As we set out on the Agile journey, picking Kanban seemed like a no-brainer. It is visual, easy to use, and a perfect fit for the PM tool we have been developing. However, after a short few months, we realized Scrum was indeed a better fit and switched.
Here is our story, hopefully, it will give you some insights.
Why did we choose Kanban?
As a small engineering team with a new product (we develop a project management tool called Teamhood) we had no strict timeliness or process to follow. Thus, Kanban seemed like a perfect fit. It allowed us to visualize what is happening, prioritize the most important items and track their progress.
The team would meet for a daily standup to discuss progress and monthly retrospectives would be held to see what could be improved. All of this was great up until the product beta went live and the focus of the engineering team had to shift.
Why did it not work?
With the launch of our beta version, we got the first paying customers. Yay! But with that came customer expectation management and a need to provide reliable forecasts for the new features.
With the engineering team working in Kanban, the sales and marketing teams had issues in knowing when to expect new features. In result of that, they were not able to plan timely marketing and sales actions to promote the new features that were coming out.
Moreover, the clients needed to know when specific features would be live, and the engineering team was not able to provide those answers. As such, we knew it was time to change.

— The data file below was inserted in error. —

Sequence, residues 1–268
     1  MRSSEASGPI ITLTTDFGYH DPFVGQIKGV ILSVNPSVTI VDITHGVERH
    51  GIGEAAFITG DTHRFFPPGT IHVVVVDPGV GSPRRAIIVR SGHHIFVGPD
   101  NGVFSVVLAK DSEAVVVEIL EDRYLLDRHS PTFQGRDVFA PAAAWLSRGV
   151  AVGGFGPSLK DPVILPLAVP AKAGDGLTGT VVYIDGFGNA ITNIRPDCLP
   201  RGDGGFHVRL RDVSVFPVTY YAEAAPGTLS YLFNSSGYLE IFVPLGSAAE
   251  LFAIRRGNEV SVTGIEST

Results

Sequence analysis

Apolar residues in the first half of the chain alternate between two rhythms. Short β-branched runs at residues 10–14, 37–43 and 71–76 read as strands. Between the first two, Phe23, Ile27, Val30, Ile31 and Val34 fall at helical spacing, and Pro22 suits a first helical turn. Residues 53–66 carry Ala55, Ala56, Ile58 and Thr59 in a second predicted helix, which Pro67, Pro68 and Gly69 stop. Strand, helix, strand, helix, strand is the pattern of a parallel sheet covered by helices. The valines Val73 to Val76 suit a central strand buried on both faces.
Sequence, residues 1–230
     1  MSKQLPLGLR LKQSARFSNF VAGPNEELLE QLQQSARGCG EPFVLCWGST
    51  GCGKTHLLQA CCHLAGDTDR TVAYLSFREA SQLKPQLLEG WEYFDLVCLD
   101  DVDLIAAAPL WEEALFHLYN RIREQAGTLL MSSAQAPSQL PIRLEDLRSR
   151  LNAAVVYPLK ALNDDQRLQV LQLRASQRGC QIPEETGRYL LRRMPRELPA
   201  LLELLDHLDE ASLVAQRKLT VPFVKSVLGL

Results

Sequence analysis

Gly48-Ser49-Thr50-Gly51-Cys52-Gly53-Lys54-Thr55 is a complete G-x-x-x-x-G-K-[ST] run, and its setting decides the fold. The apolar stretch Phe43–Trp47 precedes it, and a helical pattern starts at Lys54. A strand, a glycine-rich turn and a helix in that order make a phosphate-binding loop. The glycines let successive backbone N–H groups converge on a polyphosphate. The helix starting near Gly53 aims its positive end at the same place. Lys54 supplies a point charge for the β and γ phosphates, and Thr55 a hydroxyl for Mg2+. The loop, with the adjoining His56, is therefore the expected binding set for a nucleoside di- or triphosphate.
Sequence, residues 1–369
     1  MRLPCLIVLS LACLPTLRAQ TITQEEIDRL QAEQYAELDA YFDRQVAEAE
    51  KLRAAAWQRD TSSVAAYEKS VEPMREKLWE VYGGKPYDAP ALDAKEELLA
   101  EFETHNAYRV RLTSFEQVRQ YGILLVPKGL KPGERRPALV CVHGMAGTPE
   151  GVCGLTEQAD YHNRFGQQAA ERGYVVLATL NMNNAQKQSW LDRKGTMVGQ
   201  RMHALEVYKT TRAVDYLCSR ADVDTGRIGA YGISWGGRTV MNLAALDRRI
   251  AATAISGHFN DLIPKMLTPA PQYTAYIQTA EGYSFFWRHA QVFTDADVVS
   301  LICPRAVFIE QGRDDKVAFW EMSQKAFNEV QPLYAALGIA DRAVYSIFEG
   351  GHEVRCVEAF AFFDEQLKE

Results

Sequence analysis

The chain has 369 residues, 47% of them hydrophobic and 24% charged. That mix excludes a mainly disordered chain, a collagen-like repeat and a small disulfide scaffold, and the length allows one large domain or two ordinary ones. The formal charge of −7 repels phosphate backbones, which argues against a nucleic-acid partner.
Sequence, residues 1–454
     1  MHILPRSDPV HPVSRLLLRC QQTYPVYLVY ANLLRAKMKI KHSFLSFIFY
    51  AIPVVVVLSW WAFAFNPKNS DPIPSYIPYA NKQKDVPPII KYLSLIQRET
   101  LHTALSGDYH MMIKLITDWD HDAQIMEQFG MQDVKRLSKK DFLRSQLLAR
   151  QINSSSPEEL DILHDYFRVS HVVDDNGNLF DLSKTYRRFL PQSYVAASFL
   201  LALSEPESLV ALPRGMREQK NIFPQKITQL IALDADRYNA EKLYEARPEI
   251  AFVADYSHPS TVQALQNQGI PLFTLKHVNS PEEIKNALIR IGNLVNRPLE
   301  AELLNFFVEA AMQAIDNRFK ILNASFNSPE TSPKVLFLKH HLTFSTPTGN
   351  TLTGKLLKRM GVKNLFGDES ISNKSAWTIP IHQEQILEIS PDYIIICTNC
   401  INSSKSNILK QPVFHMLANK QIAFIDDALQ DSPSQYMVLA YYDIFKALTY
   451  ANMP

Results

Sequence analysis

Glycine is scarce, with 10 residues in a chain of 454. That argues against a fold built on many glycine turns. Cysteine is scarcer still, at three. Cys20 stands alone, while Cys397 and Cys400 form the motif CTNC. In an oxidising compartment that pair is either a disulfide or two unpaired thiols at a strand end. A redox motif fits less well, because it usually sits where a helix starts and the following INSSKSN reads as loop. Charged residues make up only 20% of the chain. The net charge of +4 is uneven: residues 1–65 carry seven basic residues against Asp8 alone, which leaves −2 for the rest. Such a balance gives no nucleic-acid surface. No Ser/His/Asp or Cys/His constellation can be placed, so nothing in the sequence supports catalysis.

How Scrum improved our process
Thus, instead of Kanban, we switched over to Scrum and introduced new practices to improve the process.
First, we have chosen 2-week iterations to ease estimation and feature predictability. Now we had to think about which features can be delivered in two weeks’ time and commit to them. This was especially useful for the sales and marketing teams that were communicating with existing and potential customers.
We have also divided the work into several boards to better separate different processes. Design, Roadmap planning, Backlog, UI/UK, and Development are all done on different boards, thus better categorizing all of the work items.
We have introduced various new ceremonies to make sure all the processes are under control. Roadmap planning and prioritizations, Backlog review, Backlog planning, Backlog refinement, Backlog planning, and others were added to make sure we are delivering value to our customers and working on the most important features.
Lastly, we have started using T-shirt sizes to estimate the features. This helps us ensure each feature we commit to can be delivered during one iteration. Otherwise, we rework the feature to make sure it can fit the iteration or push it back to the drawing board.
We have successfully moved away from Kanban and into Scrum territory. However, this Scrum application is far from the textbook. In fact, some could argue that it is far more resembling Scrumban. I don’t disagree.
Will we move towards full Scrum in the future? No one knows. However, we will not do it just for the name. Instead of applying any of the practices blindly, we tend to look and see what works best for the process and our needs now.
Have you changed Agile practices with your team? I would love to hear your comments.